It could also make it harder to tell if you don't have enough B12.
For folic acid to work, you have to take it every day. Folic acid does not get stored in your body as other vitamins and hormones do.
Folic acid that doesn't get used will leave your body in your urine. Folic acid levels in your body will slowly go down if you stop taking it.
Folic acid Supplements are used in many ways.
Folic acid supplements are used to
- Keep babies from being born with neural tube defects;
- Prevent and treat anemia;
- Keep methotrexate from making you sick;
- Treat a folate deficiency.
There is also proof that getting enough folic acid can help:
- Keep from getting a stroke or heart disease
- Lower the chance of getting poisoned by arsenic
If you have ever had a negative reaction to folic acid, you shouldn't take this medicine.
Before you take folic acid, you should tell your doctor if you have kidney disease (or are on dialysis), an infection, are an alcoholic, or have any type of anemia that has not been diagnosed by a doctor and confirmed by lab testing.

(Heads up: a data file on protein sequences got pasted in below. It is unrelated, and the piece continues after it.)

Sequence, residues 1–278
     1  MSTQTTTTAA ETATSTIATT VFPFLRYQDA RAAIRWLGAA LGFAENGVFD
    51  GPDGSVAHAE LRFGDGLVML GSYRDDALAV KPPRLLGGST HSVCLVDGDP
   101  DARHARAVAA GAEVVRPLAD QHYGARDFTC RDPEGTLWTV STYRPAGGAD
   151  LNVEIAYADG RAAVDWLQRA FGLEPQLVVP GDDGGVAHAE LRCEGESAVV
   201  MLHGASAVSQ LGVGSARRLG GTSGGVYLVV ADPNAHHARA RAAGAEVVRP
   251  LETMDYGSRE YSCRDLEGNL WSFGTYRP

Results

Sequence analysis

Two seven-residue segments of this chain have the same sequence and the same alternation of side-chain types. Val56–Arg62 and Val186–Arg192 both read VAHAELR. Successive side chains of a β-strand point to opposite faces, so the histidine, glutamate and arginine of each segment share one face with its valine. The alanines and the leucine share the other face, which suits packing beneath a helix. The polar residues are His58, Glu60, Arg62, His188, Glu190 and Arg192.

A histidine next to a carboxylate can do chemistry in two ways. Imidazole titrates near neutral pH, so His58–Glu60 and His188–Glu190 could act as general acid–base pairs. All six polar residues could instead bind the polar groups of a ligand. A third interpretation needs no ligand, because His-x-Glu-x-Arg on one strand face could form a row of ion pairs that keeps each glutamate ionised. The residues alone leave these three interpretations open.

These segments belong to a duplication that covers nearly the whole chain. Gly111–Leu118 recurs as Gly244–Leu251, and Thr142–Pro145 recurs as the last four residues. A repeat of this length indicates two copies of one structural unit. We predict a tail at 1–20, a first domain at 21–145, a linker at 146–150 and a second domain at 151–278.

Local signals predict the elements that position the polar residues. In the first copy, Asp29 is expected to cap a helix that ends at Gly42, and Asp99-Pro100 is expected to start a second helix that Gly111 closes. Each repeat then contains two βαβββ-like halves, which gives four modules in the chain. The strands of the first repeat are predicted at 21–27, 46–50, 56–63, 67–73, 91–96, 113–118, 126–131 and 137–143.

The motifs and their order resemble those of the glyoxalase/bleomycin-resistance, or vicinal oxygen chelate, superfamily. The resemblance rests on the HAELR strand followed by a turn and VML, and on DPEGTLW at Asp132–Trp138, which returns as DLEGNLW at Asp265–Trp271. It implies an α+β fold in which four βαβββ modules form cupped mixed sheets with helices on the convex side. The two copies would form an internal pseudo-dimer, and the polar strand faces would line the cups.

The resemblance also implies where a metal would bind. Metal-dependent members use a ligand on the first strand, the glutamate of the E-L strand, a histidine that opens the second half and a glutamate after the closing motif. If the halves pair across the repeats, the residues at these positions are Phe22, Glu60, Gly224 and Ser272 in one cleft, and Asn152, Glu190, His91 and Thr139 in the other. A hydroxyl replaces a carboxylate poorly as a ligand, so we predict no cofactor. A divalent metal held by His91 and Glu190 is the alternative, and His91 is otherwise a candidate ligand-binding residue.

Talk to your doctor about taking folic acid while you're pregnant or nursing. Folic acid is sometimes used with other medicines to treat pernicious anemia.
Take your medication exactly as prescribed, as specified on both the label and the packaging.
Tell each health care provider about all of your health problems, allergies, and medicines.
Prior to taking this Medicine
If you've ever had an adverse reaction to folic acid, you should not use this medication.
If you have ever had any of the following conditions, consult a physician or pharmacist regarding the safety of this medication.
- Epilepsy or other seizure condition;
- Cirrhosis or other liver illness;
- Renal disease (or if you are on dialysis);
- Hemolytic anemia;
- Pernicious anemia;
- Anemia not diagnosed by a physician and confirmed by laboratory testing;
- An infection; or
Consult your doctor if you are planning a pregnancy or are currently breastfeeding. Your dosage requirements may vary during pregnancy and breastfeeding.
Warnings for folic acid during pregnancy and breastfeeding
It is probably safe for the majority of people to take folic acid in amounts of no more than 1 mg per day when taken orally.
Doses exceeding 1 mg daily may be harmful.